One last stop before home

Before heading back to Weld County, the skull of Pops will make one last stop at Gaston Design, in Fruita, Colorado, where one of the world’s premier dinosaur restorers and modelers has his workshop.

Rob Gaston has made a career out of reconstructing extinct animal skeletons, including dinosaurs, prehistoric mammals and reptiles. While not formally trained as a paleontologist, Gaston has serious dinosaur credentials. He even has a species named after him — the Gastonia, which is an armored dinosaur he discovered in Utah as a young man in 1989.

“It’s kind of like ankylosaur with lots of spines and plates and things of that nature,” Gaston said. “It's a really cool animal.”

Gaston says that when he’s done with his work on Pops, there will be three versions of the skull. First, he will cast a perfect replica of all the bones, so that scientists at the museum can study them the way they came out of the ground.

The original bones have to be returned to Weld County for display. So he said those will have some restoration work done to get it ready for the public eye. But Gaston said he plans to keep that to a minimum.

“With the original… you don't really want to go trying to modify, cut, break or do anything like that to an original specimen. Those are very important to the science,” he said. “And at some point, whether it's in our lifetime or the next generation, somebody's going to want to study those things.”

Gaston said the work will be limited to filling in gaps where the pieces of bone are missing.

The third version of Pops will be something called a restoration cast. This is the most labor-intensive. It involves sculpting and manipulating a cast of the original in order to remove ancient distortions in the bone.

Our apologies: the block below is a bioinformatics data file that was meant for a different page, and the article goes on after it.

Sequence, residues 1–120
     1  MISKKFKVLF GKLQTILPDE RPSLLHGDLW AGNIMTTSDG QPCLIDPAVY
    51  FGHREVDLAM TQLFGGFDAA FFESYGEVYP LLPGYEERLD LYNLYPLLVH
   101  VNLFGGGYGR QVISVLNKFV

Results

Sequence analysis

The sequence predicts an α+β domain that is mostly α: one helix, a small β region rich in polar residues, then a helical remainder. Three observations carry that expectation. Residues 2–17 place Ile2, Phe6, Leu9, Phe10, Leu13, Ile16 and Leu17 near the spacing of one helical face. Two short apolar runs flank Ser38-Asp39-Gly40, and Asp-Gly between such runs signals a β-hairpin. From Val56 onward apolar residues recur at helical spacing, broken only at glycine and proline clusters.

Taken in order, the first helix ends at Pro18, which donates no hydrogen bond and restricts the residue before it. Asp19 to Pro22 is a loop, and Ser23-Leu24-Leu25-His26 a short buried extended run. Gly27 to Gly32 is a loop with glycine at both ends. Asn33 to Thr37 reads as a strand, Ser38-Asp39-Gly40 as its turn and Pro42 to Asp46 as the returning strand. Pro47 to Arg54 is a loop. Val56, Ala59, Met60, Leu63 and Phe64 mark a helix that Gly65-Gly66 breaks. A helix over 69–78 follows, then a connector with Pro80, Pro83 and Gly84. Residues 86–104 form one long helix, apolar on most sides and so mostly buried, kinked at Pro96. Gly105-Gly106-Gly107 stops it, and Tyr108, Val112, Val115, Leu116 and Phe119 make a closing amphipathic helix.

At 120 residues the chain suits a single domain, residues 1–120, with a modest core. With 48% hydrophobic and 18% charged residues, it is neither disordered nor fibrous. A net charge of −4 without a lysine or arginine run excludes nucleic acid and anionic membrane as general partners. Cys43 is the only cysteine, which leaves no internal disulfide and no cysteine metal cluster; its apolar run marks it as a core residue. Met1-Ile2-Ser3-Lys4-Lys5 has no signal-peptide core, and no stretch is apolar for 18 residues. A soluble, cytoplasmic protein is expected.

“Some fossils are buried the better part of a mile underground, they've got tons and tons of sediment above them,” Gaston explained. “You think of them as solid rock, but there's enough heat and pressure that they're like Play-Doh. They get pliable and they start getting squished.”


Pops will return to Weld County once Gaston has completed the restoration work, which will be in early 2022. Communications director Jennifer Finch says they are preparing a new, more impressive new display for the fossil.

“Pops has guarded our restrooms for years,” she said. “So the board has agreed that the new (display) case will be in a more prominent spot in our lobby, right in front of the hearing room. So as soon as you walk into the building, you will see Pops.”

The county has also commissioned artwork for the display from the famed paleoartist Andrey Atuchin.

A new lease on the afterlife

But Pops’ story won’t end there. Since the start of the restoration project, Finch has introduced Pops to the internet, where he now has a significant presence and dedicated fanbase.

“Social media has been fun,” Finch said. “We have platforms on Facebook, Twitter, Instagram and videos are going up on YouTube.”

Finch says that with the help of the internet, interest in Pops has extended far beyond Weld County.

“On our social media, we have people following the Pops project from literally around the world — Japan and South Korea and over in Europe and South America and Canada,” she said.

This story is part of KUNC’s Colorado Edition for Oct. 13. You can find the full episode here.

I am the Rural and Small Communities Reporter at KUNC. That means my focus is building relationships and telling stories from under-covered pockets of Colorado.